Grain sorghum planting should be based on soil temperature. Sorghum seed are small and will rot easily if not planted under the proper conditions. Soil temperature of 65 degrees F by 9 a.m. at 2 inches of depth is needed for seed germination and emergence. The seed should be planted from 1 to 1 _ inches deep. Proper root development will not occur under shallow planted conditions.
Seed should be purchased that are Concep or Screen-treated to allow the use of grass herbicides. Most fields contain enough broadleaf signal grass that Dual, Frontier or Lasso should be applied pre-emerge. Many package mixes of these herbicides containing atrazine are more economical. Atrazine applied at a rate of 1 to 1.25 quarts/acre of 4 pounds material prior to 12 inches grain sorghum provides season long control of weeds. Refer to the University of Arkansas Weed Control Guide (MP44) for additional details.
Note: Fields containing heavy Johnsongrass pressure should not be planted to grain sorghum since herbicides are not available. Accent, Beacon and Basis Gold will kill grain sorghum Grain sorghum requires good fertility management for high yields. Soil pH should range from 5.7 to 7.0. Soil tests are essential for supplying proper phosphorus and potassium levels.
Potassium is one of the most important elements since K is responsible for regulating plant/water relationships. Optimum potassium levels allow the plant proper water levels in leaf tissue. Without adequate K, the plant will become moisture-stressed leading to charcoal rot. Charcoal rot is one of the most mostly costly diseases in grain sorghum. The pathogen infects the stalk just above the ground level causing weak stalks, thus more lodging potential. Few hybrids are resistant to charcoal rot.
Nitrogen is the other big player when it comes to grain sorghum production. Estimate yield levels when calculating nitrogen recommendations. We recommend applying one-third of the total nitrogen at planting. A rule of thumb on nitrogen requirements for grain sorghum is two pounds of N for each 100 pounds of grain.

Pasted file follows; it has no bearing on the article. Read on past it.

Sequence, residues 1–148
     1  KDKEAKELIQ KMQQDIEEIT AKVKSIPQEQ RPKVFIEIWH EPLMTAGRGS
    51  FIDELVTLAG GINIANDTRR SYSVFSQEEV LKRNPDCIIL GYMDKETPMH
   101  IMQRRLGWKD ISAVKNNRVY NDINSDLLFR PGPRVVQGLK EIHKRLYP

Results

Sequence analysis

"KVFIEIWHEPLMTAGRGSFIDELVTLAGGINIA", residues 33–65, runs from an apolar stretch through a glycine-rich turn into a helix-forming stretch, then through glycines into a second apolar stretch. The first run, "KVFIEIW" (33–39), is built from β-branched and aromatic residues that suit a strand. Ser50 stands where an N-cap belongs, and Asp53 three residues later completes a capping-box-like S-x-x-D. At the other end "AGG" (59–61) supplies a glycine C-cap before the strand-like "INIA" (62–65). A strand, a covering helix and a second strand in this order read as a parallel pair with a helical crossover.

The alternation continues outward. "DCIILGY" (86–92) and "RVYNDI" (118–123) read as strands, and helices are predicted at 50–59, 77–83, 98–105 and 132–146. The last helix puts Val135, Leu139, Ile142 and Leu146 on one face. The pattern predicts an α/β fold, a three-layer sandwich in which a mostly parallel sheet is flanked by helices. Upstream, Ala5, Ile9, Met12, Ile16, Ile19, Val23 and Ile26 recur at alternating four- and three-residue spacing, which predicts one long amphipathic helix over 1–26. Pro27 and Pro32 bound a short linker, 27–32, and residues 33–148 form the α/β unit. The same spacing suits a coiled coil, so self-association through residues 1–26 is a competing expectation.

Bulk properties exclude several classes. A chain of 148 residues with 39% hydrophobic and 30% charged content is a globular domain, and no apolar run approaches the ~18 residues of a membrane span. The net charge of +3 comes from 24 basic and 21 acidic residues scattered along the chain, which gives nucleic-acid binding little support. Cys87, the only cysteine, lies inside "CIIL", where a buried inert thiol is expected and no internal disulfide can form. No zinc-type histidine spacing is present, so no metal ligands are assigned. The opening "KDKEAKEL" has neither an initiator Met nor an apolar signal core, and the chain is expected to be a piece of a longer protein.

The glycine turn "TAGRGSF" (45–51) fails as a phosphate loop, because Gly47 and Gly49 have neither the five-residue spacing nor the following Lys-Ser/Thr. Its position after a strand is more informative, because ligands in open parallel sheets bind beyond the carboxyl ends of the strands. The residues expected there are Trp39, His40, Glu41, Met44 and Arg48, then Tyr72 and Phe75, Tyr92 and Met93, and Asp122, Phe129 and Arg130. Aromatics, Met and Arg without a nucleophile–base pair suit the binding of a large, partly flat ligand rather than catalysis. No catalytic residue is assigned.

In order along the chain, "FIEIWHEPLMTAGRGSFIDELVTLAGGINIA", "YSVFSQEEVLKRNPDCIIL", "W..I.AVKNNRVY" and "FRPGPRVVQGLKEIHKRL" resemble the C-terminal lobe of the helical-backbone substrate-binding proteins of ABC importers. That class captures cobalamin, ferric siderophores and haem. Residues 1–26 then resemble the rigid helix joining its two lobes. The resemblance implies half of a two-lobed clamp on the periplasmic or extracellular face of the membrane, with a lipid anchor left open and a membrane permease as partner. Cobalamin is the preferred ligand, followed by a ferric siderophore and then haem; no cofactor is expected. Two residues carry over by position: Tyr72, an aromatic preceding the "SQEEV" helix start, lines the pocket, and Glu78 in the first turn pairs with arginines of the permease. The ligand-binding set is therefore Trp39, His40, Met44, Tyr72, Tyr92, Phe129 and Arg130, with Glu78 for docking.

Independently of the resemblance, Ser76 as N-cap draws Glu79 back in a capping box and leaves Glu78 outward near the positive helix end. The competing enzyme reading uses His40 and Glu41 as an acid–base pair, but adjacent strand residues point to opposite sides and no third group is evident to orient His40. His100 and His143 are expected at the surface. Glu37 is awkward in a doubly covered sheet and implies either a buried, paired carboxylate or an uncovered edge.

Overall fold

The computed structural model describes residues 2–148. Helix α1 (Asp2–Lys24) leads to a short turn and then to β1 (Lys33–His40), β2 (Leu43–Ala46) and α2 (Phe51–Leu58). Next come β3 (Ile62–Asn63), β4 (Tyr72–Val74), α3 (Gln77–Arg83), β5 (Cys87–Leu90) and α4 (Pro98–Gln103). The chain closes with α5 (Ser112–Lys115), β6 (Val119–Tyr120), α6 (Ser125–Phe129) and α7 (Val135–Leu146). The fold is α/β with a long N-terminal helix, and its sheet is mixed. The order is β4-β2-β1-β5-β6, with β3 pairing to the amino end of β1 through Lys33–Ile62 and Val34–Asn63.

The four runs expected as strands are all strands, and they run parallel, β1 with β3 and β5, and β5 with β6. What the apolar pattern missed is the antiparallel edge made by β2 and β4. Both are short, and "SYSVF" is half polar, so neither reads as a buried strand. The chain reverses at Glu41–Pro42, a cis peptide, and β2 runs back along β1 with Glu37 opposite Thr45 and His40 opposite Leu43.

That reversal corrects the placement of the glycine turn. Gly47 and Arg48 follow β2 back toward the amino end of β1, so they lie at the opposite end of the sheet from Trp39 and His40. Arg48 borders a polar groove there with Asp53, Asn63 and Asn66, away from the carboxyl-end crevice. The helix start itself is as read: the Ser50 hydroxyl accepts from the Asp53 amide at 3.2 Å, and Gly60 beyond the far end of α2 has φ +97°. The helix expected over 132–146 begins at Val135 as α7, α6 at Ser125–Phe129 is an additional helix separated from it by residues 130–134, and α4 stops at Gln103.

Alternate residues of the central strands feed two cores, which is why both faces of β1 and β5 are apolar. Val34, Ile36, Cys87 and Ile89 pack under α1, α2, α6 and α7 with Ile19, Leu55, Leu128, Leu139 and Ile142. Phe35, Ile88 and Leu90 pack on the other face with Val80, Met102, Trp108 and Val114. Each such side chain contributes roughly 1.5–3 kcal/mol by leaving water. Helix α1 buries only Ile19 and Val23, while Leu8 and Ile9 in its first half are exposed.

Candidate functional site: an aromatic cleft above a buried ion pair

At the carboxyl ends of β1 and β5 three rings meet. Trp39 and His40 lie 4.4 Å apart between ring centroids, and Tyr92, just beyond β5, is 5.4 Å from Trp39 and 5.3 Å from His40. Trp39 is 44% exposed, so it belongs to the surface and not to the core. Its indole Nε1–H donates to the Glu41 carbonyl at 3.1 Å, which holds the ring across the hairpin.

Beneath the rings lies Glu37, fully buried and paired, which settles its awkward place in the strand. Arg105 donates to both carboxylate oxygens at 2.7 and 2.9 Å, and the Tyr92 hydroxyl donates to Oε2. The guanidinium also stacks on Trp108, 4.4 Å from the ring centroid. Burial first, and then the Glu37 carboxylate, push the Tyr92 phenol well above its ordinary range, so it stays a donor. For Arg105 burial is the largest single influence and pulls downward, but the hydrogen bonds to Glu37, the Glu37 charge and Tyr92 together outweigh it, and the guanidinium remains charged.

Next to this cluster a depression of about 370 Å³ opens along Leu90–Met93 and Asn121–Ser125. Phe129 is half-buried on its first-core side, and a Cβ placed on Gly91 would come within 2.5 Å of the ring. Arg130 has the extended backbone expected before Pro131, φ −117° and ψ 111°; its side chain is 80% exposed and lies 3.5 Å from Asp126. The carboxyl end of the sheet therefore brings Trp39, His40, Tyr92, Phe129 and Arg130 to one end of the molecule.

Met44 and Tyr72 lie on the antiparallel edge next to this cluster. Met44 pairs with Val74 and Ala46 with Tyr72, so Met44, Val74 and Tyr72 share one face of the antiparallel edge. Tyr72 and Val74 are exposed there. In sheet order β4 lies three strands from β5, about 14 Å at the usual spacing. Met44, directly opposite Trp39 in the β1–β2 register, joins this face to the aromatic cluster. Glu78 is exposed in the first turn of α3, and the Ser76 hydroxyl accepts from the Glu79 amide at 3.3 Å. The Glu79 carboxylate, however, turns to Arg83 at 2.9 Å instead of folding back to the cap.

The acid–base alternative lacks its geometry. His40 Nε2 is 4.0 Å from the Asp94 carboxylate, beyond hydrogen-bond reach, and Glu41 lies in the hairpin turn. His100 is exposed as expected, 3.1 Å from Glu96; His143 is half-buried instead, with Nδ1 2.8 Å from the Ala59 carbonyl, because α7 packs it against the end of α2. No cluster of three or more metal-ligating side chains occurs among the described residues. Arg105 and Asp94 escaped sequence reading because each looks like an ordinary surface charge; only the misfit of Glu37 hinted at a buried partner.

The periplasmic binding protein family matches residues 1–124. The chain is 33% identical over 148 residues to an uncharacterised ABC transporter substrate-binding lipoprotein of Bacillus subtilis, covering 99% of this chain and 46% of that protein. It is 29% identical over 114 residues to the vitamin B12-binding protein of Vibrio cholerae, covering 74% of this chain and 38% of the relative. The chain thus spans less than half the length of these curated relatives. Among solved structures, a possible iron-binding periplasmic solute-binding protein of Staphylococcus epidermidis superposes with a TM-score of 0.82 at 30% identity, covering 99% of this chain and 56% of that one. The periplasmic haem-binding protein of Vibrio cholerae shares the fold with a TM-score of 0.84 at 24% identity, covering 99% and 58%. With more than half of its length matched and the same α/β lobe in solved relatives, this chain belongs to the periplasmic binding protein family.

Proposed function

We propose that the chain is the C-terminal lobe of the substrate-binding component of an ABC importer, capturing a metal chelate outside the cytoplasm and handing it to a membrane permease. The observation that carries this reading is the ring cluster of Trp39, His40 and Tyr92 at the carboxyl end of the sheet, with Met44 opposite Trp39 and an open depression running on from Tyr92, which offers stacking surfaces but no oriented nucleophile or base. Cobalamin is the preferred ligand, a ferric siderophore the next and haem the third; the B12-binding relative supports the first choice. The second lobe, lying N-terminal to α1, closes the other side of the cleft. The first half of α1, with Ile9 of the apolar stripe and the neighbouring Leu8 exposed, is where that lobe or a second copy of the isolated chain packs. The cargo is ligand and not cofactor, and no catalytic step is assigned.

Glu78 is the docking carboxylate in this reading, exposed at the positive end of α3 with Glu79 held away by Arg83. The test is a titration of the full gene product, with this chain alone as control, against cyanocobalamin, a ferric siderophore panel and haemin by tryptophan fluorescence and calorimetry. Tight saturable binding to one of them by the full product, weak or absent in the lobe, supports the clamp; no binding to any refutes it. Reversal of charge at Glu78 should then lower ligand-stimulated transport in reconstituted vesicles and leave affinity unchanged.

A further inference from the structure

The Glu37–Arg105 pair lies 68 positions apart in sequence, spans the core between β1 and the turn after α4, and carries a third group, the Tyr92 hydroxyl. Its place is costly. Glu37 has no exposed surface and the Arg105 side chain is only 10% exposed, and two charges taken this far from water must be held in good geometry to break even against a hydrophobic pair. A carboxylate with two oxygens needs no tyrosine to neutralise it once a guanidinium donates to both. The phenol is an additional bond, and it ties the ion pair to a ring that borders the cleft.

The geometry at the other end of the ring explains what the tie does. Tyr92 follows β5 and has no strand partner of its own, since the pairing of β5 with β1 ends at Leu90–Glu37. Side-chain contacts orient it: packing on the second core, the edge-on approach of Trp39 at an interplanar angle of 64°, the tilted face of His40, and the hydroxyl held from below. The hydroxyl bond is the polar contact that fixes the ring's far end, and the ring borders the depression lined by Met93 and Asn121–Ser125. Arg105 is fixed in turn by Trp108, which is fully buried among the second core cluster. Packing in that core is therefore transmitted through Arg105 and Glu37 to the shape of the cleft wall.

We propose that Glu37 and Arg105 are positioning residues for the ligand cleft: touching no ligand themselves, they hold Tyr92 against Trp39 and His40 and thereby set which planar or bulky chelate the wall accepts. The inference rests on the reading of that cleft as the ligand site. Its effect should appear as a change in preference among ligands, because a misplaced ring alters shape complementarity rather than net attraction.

Example: A 5,000-pound per acre yield would require 100 total pounds of nitrogen; 33 pounds of N applied preplant and 67 pounds of N when the sorghum is knee-high. Irrigated grain sorghum with yield potential of 8,000 pounds per acre would require 60 pounds per acre N preplant and 100 pounds of N side-dressed at the knee-high stage.
In general, apply the side-dressed application three weeks after stand establishment. Typically, grain sorghum yield will be set by the time the plant is 35 days old, thus proper N timing is essential in setting high yields.
Grain sorghum responds well to irrigation. The crop requires 20 inches of water for maximum yield. From emergence to boot, the crop requires 10 inches of water. From booting to grain formation, the plant will need an additional 10 inches of water. The University of Arkansas has developed a computer-based irrigation scheduling program for grain sorghum. Please contact a local county agent for additional details.
You should check with grain elevators concerning delivery of grain sorghum. Grain sorghum is one of the most difficult grains to separate in a combine. Proper separation adjustments and fine-tuning are essential to avoid harvest loss. Producers are encouraged to contract county Extension agents, consultants and ag dealers about production questions. We hope our educational programs this winter will help farmers who decide to grow an alternative crop that is profitable and good for the rotation.
William Johnson Jr. is an Extension agronomist — wheat and feed grains with the University of Arkansas. e-mail: [email protected]